Question: My question is regarding our chest pain protocol. There is a 48 year old male complaining of chest pain. It is substernal, 7/10, onset 1 hour, provoked at rest, radiates to left arm sitting steady. O/E patient's history is hypertension; vitals H/R 78 regular and full; breathing 20x / minute; B/P 138/99; conscious and alert x 3. Patient is not allergic to ASA, so he receives ASA. History of nitro is in question. The patient states he was in hospital once with similar chest pain and doctor "gave me a spray of something for my chest pain". When asked if it was nitro, the patient did not know name of medication. Could this patient receive NTG or should we patch?
The SWORBHP teaching philosophy regarding NTG and ischemic chest pain has always been previous prescribed use. Meaning, the patient at one point had been advised by a health care professional to take NTG for this suspected ischemic discomfort, and the patient had in fact done so without complication.
In the scenario you describe above, it is unclear if this patient actually received NTG (although they most likely did), but the patient then was not prescribed the medication in follow up nor do they routinely self-administer their own dose. It is possible for instance that the discomfort this patient had experienced turned out to be GI reflux and the MD had tried some NTG initially prior to ultimately reaching that diagnosis.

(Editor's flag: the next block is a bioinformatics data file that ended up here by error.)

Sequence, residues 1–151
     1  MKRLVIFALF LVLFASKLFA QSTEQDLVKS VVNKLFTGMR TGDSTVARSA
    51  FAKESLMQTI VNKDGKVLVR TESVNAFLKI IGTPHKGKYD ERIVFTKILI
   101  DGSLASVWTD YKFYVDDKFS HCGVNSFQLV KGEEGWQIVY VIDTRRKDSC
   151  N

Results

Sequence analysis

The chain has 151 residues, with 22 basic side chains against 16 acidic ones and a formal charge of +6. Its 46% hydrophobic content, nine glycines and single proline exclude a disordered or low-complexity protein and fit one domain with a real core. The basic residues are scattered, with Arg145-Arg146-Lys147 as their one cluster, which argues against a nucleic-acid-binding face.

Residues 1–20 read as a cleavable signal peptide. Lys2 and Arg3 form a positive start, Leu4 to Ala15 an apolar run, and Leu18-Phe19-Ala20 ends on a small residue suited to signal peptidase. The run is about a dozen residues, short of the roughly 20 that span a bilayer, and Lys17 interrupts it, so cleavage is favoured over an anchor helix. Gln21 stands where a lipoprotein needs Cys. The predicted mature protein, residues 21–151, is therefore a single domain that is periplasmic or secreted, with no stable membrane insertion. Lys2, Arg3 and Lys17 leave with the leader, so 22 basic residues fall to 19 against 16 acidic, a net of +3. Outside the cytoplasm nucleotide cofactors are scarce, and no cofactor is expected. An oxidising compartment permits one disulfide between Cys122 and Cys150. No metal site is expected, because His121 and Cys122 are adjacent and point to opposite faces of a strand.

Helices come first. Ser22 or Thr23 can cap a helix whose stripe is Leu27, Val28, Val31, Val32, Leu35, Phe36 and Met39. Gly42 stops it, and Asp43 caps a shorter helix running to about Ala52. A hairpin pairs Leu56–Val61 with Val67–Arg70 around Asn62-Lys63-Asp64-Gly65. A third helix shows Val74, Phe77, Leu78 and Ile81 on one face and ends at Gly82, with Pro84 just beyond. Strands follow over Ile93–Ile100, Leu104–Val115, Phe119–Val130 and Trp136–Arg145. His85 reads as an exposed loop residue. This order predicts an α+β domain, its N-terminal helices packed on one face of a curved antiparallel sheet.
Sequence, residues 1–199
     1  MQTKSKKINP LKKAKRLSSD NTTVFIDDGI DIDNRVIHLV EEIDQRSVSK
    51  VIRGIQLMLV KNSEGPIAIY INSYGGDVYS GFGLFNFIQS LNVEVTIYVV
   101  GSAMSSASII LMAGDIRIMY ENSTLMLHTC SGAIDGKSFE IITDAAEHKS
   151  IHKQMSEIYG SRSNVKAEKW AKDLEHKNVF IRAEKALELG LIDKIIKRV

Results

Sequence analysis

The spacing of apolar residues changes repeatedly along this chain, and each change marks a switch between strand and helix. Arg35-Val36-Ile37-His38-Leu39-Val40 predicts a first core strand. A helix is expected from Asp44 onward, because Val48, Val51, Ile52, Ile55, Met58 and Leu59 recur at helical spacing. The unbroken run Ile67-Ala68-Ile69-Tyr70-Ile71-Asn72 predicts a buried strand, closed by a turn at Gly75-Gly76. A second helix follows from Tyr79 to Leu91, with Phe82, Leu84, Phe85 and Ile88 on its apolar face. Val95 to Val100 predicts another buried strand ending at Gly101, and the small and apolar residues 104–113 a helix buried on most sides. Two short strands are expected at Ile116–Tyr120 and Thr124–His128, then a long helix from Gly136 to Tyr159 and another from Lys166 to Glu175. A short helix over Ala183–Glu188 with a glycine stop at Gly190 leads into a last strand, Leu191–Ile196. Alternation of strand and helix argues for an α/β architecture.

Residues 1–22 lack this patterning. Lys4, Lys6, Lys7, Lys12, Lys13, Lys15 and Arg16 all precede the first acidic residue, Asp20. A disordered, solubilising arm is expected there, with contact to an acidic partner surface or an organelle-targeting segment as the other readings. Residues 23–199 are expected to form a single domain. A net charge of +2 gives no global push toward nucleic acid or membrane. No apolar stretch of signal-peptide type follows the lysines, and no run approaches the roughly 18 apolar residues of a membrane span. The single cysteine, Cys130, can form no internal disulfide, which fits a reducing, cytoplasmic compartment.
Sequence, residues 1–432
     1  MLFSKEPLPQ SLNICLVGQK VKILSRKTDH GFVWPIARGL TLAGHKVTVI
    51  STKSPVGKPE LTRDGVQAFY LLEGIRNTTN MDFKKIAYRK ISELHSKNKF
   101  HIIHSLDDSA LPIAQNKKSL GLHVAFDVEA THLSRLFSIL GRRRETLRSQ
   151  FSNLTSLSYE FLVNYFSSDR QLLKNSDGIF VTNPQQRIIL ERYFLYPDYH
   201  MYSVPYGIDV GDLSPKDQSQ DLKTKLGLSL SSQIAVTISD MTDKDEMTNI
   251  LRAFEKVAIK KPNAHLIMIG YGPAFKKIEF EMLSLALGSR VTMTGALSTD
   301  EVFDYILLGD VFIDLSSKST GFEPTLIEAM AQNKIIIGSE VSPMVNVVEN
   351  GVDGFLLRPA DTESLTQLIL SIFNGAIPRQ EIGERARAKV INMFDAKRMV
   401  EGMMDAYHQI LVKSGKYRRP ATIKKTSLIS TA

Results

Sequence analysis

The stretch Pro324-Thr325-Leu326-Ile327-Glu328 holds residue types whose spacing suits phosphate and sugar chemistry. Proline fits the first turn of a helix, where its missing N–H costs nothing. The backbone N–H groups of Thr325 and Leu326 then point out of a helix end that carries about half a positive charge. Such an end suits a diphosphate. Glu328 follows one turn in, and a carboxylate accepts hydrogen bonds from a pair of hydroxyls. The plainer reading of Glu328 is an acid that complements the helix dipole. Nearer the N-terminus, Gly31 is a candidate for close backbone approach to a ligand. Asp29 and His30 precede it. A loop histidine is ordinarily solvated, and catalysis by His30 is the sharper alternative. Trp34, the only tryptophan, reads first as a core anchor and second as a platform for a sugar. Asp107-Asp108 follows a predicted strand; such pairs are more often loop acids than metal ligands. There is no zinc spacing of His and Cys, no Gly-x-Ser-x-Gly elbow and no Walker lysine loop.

The patient was then not discharged on NTG. In other words, the patient was not advised/authorized/directed by the physician to take NTG in the future for similar discomfort.
As such, this patient should not be considered to meet the criteria of previous prescribed use and as such would require an IV to be established. Patching remains an option however contacting the BH physician should not routinely be done to over-ride a contraindication to medication administration outlined in the medical directive.
(This answer was revised on: Dec 3, 2014)